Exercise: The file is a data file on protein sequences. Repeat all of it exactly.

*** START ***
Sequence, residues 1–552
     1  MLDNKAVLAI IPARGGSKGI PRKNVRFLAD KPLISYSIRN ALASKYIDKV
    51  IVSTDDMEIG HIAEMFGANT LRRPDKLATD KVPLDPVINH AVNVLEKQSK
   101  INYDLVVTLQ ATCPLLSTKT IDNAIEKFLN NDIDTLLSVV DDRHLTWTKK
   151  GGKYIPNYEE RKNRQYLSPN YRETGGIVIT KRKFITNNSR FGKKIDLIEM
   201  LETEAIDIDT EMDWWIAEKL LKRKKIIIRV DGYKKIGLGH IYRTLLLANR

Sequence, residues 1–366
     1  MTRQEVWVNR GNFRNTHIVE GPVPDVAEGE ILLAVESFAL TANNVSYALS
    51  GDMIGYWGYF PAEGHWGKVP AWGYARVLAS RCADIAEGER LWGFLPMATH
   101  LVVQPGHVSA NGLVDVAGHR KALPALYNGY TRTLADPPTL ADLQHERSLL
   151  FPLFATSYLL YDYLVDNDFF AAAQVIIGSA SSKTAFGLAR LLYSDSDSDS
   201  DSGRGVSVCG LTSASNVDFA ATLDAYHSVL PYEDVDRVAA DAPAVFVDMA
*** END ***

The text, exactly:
Sequence, residues 1–552
     1  MLDNKAVLAI IPARGGSKGI PRKNVRFLAD KPLISYSIRN ALASKYIDKV
    51  IVSTDDMEIG HIAEMFGANT LRRPDKLATD KVPLDPVINH AVNVLEKQSK
   101  INYDLVVTLQ ATCPLLSTKT IDNAIEKFLN NDIDTLLSVV DDRHLTWTKK
   151  GGKYIPNYEE RKNRQYLSPN YRETGGIVIT KRKFITNNSR FGKKIDLIEM
   201  LETEAIDIDT EMDWWIAEKL LKRKKIIIRV DGYKKIGLGH IYRTLLLANR

Sequence, residues 1–366
     1  MTRQEVWVNR GNFRNTHIVE GPVPDVAEGE ILLAVESFAL TANNVSYALS
    51  GDMIGYWGYF PAEGHWGKVP AWGYARVLAS RCADIAEGER LWGFLPMATH
   101  LVVQPGHVSA NGLVDVAGHR KALPALYNGY TRTLADPPTL ADLQHERSLL
   151  FPLFATSYLL YDYLVDNDFF AAAQVIIGSA SSKTAFGLAR LLYSDSDSDS
   201  DSGRGVSVCG LTSASNVDFA ATLDAYHSVL PYEDVDRVAA DAPAVFVDMA